Sustainable building case study
This plan for a sustainable building is modular in the sense that the plan area can be any multiple of the distance between wall studs in depth or width, to create buildings that are larger. Structurally, it can take at least two storeys.
The building sits on railway sleepers resting on old tyres filled with hemcrete (could be rammed earth or concrete), with no need for foundations.
It is timber frame, insulated with wood fibre and recycled newsprint (cellulose) insulation (the cheapest), fitted with South-facing, triple-glazed Passivhaus-certified windows to capture the solar heat, lime-rendered, and fully breathable.
This makes the building at least zero carbon, since atmospheric carbon is locked up in its structure and it needs virtually no energy input for heating or cooling. In fact the energy used is renewable, so this building generates ‘negawatts’.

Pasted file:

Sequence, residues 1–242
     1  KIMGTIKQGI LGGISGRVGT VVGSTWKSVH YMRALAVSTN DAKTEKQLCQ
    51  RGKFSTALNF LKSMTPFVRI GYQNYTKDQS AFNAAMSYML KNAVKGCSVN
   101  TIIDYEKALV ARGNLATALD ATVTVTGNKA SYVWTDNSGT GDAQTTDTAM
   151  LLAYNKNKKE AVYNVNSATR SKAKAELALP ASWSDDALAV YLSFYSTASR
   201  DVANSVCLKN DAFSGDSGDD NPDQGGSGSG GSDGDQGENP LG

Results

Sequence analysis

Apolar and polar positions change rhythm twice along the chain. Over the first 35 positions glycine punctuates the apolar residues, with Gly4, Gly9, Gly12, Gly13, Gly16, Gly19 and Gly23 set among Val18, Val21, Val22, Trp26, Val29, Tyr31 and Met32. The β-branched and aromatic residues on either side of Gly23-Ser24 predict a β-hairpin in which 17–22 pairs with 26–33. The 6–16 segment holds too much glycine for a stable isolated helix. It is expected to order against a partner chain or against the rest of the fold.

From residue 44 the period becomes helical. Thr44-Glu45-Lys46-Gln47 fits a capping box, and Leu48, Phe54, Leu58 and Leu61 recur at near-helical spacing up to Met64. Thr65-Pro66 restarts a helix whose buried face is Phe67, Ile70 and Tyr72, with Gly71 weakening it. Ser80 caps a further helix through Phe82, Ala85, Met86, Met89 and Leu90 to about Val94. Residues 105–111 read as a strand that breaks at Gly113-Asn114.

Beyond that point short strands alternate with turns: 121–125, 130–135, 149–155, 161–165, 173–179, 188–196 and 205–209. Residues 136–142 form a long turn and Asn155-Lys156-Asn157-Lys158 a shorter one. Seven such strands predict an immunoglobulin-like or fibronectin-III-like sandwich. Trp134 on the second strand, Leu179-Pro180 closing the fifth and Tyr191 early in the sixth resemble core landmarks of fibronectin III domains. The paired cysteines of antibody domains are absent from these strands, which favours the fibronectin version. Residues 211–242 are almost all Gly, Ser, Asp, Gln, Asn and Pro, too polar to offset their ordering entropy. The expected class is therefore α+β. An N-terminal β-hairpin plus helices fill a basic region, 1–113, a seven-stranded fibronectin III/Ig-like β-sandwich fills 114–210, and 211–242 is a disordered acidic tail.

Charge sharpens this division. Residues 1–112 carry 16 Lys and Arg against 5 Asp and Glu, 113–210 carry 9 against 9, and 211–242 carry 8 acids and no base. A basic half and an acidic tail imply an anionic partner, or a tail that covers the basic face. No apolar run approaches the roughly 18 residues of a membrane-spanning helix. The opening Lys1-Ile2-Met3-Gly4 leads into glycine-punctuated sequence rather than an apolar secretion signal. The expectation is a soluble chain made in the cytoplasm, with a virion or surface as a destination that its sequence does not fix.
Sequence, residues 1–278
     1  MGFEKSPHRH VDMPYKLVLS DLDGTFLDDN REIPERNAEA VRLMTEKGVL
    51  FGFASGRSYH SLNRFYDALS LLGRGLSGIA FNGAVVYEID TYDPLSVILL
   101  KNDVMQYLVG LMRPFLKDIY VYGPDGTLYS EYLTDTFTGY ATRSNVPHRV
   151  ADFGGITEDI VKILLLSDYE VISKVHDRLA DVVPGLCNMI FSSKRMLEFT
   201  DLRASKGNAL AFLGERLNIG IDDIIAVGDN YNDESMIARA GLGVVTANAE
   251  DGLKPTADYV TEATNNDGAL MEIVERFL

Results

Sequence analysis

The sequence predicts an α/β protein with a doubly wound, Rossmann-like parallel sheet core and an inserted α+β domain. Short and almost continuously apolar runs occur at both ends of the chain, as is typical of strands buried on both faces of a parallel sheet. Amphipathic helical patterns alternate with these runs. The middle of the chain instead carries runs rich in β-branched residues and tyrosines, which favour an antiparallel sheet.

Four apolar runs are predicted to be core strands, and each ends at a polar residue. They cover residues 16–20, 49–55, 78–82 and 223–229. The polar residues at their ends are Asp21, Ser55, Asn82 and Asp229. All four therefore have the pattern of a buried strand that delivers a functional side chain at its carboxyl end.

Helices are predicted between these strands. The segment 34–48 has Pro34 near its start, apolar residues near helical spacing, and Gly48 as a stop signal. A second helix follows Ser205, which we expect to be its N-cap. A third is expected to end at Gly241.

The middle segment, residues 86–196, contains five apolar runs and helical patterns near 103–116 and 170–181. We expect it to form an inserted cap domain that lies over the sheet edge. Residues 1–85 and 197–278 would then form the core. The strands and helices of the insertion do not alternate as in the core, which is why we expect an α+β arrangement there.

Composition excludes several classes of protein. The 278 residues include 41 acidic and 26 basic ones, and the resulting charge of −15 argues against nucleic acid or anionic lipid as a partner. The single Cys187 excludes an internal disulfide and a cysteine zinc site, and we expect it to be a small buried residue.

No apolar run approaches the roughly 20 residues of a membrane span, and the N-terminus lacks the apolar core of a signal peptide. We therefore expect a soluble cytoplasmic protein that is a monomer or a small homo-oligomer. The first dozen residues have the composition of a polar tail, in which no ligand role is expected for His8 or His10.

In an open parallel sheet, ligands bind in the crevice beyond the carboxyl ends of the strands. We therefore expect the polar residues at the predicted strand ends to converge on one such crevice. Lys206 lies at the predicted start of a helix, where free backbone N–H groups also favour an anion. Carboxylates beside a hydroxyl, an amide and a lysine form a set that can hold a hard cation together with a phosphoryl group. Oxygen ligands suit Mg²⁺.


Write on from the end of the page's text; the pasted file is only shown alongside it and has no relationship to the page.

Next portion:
The floor has black ceramic tiles to absorb solar heat. The roof slopes slightly backwards from the front and has a green roof planted with sedums which attract bees and butterflies. There is guttering at the back.
The heating is electric, underfloor, which is more efficient, but is hardly needed.This was chosen because the supplementary heating requirements are minimal; it is efficient; the building runs on renewable electricity; and not having a woodstove avoids puncturing the thermal envelope to make a hole in the ceiling (it would also require ventilation to supply fresh oxygen to replace that being burnt!).
Thermal bridging is completely eliminated chiefly by cladding all the way round with tongue and groove wax-impregnated (for waterproofing) woodfibre boards, finished with lime render, itself having a slight insulating property.
The building can be, and was, constructed by a conventional builder who is well supervised.
Contact us if you wish to consider a building like this.